Eric Garcia,
Anonymous Rex
& Casual Rex
(Villard, 2000/2001;
Ace omnibus, 2004)

Forget everything you know about dinosaurs. Not only did they not become extinct 65 million years ago, they currently make up about 5 percent of the "human" population. Rather than stomp all of us humans out of existence eons ago, they decided just to live in our world secretly (they have much smaller bodies than their ancestors), donning complex human guises involving lots of straps, buckles and epoxy. You'd be amazed at just how many celebrities and power brokers are actually dinosaurs in disguise. All they want is to keep their secret, find the time and opportunity to really be themselves every now and again, and maybe get a good buzz on with basil or certain other herbs if and when the urge strikes. They live by two golden rules: never let a human learn their secret (and kill any who do) and never, ever, ever engage in interspecies relations with a human.

With Anonymous Rex, author Eric Garcia first brought this strange new world to life, garnering critical acclaim and a cult following for his efforts. He is a brilliantly wicked author, packing loads of comedy into noirish tales of dinosaur private investigator Vincent Rubio. Poor Vince has had a rough nine months. It all started when his partner Ernie was run over by a taxi in New York. Vince went a little nuts after that, broke a lot of rules and at least one nose during his investigation of the accident, and got himself declared dinosaur non grata in both New York and back home in Los Angeles. He is in an emotional and financial tailspin, nursing a major basil addiction and basically trying to find a reason to keep on keeping on. With little left to his name, he finally gets a case thrown his way, an insurance job investigating a fire at a local dino club. As luck would have it, the club owner had important contacts in New York, and before you can say velociraptor, Vince is back in the Big Apple conducting interviews for a case that may well have some relation to his partner's death.

This thing gets pretty involved, as a simple case of possible arson soon leads Vince into a conspiracy of dinosaur-sized proportions involving human-dinosaur genetic experimentation. Slowly but surely, Vince starts assembling the pieces of the puzzle, but progress doesn't come without setbacks -- a couple of attempts on his life, some inconvenient deaths of informants and friends, a serious lack of funds and even a dangerous relationship with a singularly appealing human female. Danger is Vince's middle name, however, and in time he breaks out of his emotional funk, manages to stay away from basil long enough to clear his head, and relentlessly pursues a solution to a surprisingly complex mystery.

The book is written in first person, in the classic style of ye olde detective mysteries from the golden age of Dashiell Hammett and Sam Spade. And make no mistake -- aside from the unique dinosaur angle and the constant showcase of sarcastic wit and genuinely funny writing, Garcia knows how to construct and tell a good mystery. Anonymous Rex is a thoroughly engaging read from start to finish. There's an edge to this story, a fair share of surprises along the way, and all sorts of social commentary you can ponder or simply ignore. If you've been yearning for something different, Vincent Rubio, P.I., is on the case, and the game's afoot.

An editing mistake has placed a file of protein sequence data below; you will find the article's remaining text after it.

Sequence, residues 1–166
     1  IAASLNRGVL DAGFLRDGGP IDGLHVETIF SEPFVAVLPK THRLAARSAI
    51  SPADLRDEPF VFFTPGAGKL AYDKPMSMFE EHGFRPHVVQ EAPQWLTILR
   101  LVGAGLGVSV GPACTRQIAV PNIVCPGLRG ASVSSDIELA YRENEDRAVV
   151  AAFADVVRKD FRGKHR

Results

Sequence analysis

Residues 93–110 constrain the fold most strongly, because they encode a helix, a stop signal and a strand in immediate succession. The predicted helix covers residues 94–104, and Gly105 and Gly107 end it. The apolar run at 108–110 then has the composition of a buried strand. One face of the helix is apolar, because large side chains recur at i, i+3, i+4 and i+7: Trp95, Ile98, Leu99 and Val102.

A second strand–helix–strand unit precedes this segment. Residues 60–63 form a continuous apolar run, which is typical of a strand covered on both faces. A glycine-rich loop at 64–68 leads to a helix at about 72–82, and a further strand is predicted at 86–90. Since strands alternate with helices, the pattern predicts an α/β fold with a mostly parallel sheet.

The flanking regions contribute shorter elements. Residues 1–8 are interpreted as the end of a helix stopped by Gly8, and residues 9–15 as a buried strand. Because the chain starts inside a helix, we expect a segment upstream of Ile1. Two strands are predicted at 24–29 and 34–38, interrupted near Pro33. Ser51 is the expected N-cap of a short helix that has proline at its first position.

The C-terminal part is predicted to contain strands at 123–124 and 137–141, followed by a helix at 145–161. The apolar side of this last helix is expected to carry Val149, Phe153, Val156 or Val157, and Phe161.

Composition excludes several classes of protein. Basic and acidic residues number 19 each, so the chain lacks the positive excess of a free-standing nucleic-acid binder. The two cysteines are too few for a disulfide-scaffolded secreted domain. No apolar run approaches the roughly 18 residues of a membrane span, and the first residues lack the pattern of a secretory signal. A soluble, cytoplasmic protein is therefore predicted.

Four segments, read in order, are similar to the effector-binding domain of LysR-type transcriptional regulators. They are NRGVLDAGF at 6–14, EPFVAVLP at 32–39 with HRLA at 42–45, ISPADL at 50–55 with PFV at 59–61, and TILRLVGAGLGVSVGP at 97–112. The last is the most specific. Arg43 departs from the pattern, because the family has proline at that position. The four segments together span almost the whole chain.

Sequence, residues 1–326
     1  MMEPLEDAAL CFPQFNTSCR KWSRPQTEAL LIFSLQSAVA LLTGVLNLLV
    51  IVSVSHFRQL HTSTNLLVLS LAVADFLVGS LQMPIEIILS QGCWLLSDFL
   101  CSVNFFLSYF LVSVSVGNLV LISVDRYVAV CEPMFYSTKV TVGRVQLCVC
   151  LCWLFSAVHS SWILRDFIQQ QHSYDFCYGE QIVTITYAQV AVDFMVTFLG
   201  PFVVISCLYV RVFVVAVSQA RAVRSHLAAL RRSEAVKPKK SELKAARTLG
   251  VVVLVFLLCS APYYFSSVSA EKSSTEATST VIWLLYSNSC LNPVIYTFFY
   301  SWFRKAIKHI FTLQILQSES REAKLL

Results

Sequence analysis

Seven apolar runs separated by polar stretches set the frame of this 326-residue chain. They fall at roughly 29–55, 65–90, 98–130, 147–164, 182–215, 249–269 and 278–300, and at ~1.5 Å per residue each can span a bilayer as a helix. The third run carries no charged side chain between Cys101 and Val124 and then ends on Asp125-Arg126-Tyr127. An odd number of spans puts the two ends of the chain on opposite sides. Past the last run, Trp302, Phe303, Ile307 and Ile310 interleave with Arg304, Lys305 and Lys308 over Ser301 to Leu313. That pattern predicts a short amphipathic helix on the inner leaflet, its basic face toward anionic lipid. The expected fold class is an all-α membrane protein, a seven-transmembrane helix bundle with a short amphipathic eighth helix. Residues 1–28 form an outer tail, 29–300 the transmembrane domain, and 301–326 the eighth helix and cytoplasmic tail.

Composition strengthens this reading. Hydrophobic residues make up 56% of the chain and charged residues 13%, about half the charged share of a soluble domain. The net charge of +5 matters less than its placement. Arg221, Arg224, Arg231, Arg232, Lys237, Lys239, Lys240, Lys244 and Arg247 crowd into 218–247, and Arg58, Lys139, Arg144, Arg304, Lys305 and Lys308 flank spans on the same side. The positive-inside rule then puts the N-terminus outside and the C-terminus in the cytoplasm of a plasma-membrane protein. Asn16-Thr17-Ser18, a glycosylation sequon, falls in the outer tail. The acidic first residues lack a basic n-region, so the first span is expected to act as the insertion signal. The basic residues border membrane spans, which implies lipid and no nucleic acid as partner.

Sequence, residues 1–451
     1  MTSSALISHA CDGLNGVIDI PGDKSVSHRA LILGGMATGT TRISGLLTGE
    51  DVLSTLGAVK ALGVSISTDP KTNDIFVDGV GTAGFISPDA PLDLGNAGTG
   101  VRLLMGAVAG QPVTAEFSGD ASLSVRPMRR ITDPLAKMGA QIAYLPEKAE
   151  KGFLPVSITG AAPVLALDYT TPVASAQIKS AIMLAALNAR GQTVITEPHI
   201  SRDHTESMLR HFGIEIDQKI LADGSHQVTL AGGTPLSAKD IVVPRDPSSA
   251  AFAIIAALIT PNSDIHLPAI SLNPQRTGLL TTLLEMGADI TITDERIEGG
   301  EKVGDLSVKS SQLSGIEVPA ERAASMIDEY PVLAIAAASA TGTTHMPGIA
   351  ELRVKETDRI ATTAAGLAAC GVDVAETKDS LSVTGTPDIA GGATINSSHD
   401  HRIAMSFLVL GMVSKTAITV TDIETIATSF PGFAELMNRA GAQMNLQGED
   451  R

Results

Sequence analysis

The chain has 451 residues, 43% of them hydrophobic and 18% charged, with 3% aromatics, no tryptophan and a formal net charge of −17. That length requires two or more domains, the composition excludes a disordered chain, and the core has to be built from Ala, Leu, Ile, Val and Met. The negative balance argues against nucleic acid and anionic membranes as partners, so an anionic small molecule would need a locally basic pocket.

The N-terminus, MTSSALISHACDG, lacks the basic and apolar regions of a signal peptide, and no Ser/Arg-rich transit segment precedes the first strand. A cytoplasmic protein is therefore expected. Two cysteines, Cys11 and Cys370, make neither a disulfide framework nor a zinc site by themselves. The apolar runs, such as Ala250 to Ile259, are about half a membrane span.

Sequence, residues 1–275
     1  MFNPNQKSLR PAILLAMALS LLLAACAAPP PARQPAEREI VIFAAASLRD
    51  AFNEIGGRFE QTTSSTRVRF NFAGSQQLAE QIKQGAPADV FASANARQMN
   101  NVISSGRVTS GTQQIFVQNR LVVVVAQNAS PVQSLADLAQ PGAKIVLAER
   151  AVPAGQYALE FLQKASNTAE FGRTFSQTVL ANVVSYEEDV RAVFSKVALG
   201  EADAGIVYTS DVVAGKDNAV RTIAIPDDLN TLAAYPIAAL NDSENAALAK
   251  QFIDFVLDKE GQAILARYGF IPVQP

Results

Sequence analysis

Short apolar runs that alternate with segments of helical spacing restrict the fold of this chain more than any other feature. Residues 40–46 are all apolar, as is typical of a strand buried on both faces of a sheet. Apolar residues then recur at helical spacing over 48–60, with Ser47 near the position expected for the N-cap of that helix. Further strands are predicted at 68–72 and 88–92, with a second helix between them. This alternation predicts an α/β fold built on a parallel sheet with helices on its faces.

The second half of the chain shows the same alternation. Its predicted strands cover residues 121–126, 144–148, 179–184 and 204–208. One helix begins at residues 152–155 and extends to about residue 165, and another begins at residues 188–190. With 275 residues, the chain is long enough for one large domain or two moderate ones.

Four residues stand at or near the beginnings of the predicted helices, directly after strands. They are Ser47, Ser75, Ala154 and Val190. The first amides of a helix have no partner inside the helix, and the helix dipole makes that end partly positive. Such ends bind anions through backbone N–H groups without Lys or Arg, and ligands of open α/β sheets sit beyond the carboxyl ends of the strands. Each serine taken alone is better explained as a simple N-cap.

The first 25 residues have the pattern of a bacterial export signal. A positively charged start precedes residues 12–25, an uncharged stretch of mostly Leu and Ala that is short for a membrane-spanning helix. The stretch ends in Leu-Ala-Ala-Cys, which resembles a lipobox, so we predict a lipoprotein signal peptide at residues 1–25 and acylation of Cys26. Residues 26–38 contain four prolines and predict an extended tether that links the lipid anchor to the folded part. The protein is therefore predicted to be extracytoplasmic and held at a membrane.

Casual Rex is Garcia's second "Rex" novel, but it is actually a prequel to Anonymous. Victor and his partner Ernie are your basic PIs -- snooping on roving spouses, hunting down petty thieves, etc. Their humdrum state of existence changes when Ernie's ex-wife asks them to find her brother and bring him home (forcibly, if necessary). It seems the poor kid has gotten all caught up in a dino cult called the Progressives. Most dinosaurs have accepted the fact that they have to go to great pains to pass themselves off as humans, but some yearn for the old lifestyle of complete dino freedom. Vic and Ernie infiltrate the cult and get their man -- but that's just the beginning of the story. There's something really sinister going on here, and our detective heroes are determined to find out just what the Progressives are up to. Their mission eventually leads them to a back-to-nature retreat in the islands of Hawaii, where they learn even more than they bargained for about the cult.

The fact that Casual Rex wasn't quite as funny as I expected it to be is certainly not a bad thing. The novel does, after all, deal with such serious issues as drug abuse (ah, sweet basil), cults, murder and your proverbial world domination and genocide -- as well as friendship, honor and humanity (or whatever the dinosaur equivalent of that would be). Garcia's writing style remains delightfully quirky, the absurdist setting is effectively presented (with explanations of dinosaur culture over the millennia enriched by rich and numerous off-the-cuff remarks), the action is well-paced, the tragedies that take place over the course of the novel are surprisingly poignant, and a rising level of suspense (not to mention curiosity) definitely draws the reader in and carries him/her all the way to the end.

This Anonymous Rex/Casual Rex Omnibus places Casual Rex in front of Anonymous Rex, which is fine if you want to read the prequel first. If you'd rather read the two books in the order of publication, though, be sure to start with Anonymous.

by Daniel Jolley
3 September 2005

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